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file_out() marks individual files (and whole directories) that your targets create.





Character vector, paths to files and directories. Use .id_chr to refer to the current target by name. .id_chr is not limited to use in file_in() and file_out().


A character vector of declared output file or directory paths.


drake_plan() understands special keyword functions for your commands. With the exception of target(), each one is a proper function with its own help file.

  • target(): give the target more than just a command. Using target(), you can apply a transformation (examples:, # nolint supply a trigger (, # nolint or set any number of custom columns.

  • file_in(): declare an input file dependency.

  • file_out(): declare an output file to be produced when the target is built.

  • knitr_in(): declare a knitr file dependency such as an R Markdown (*.Rmd) or R LaTeX (*.Rnw) file.

  • ignore(): force drake to entirely ignore a piece of code: do not track it for changes and do not analyze it for dependencies.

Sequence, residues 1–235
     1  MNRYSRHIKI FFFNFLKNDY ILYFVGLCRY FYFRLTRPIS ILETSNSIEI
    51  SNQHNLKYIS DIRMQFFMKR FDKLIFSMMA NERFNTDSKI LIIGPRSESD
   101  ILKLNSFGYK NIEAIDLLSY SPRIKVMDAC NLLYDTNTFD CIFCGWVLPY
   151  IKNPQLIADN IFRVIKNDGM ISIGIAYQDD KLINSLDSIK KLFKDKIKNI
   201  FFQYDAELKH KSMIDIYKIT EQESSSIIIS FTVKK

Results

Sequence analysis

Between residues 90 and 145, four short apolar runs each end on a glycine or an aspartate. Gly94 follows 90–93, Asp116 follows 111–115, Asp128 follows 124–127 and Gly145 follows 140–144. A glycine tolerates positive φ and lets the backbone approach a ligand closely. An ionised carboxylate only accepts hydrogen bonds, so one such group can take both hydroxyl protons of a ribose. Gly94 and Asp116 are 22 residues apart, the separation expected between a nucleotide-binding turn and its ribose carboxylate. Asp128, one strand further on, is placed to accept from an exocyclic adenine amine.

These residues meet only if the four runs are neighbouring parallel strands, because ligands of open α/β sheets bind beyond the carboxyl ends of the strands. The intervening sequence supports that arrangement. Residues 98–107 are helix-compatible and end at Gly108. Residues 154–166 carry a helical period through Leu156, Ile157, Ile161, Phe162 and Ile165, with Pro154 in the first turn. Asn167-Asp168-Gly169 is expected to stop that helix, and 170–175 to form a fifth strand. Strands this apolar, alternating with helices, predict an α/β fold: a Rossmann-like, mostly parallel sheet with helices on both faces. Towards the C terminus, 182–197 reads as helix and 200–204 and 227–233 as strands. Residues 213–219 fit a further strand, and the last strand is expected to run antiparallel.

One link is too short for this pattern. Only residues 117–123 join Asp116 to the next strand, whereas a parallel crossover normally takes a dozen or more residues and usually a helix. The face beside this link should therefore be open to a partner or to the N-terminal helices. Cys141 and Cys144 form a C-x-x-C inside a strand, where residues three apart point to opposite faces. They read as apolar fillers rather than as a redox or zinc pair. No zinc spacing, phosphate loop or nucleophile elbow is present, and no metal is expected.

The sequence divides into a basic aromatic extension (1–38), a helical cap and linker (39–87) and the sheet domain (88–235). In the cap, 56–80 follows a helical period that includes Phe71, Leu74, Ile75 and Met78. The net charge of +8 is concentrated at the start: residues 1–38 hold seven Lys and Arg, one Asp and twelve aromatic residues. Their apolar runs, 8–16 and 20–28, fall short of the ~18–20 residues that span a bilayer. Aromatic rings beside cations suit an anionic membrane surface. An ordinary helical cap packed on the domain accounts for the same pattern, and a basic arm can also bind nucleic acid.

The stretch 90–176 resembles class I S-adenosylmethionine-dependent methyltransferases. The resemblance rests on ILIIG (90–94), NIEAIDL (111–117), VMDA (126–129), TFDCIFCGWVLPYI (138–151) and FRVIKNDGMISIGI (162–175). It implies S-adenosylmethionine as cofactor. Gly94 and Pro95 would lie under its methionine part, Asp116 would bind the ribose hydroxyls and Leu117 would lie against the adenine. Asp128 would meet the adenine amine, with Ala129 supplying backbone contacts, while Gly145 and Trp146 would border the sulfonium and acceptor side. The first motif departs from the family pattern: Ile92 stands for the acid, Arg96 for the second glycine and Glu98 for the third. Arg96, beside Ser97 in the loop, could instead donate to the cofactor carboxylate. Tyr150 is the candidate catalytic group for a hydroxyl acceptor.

• no_deps(): tell drake to not track the dependencies of a piece of code. drake still tracks the code itself for changes.

  • id_chr(): Get the name of the current target.

  • drake_envir(): get the environment where drake builds targets. Intended for advanced custom memory management.


if (FALSE) {
isolate_example("contain side effects", {
# The `file_out()` and `file_in()` functions
# just takes in strings and returns them.
# Their main purpose is to orchestrate your custom files
# in your workflow plan data frame.
plan <- drake_plan(
  out = write.csv(mtcars, file_out("mtcars.csv")),
  contents = read.csv(file_in("mtcars.csv"))
# drake knows "\"mtcars.csv\"" is the first target
# and a dependency of `contents`. See for yourself:


 # You may use `.id_chr` inside `file_out()` and `file_in()`
 # to refer  to the current target. This works inside `map()`,
 # `combine()`, `split()`, and `cross()`.

plan <- drake::drake_plan(
  data = target(
    write.csv(data, file_out(paste0(.id_chr, ".csv"))),
    transform = map(data = c(airquality, mtcars))


# You can also work with entire directories this way.
# However, in `file_out("your_directory")`, the directory
# becomes an entire unit. Thus, `file_in("your_directory")`
# is more appropriate for subsequent steps than
# `file_in("your_directory/file_inside.txt")`.
plan <- drake_plan(
  out = {
    write.csv(mtcars, "dir/mtcars.csv")
  contents = read.csv(file.path(file_in("dir"), "mtcars.csv"))


# See the connections that the file relationships create:
if (requireNamespace("visNetwork", quietly = TRUE)) {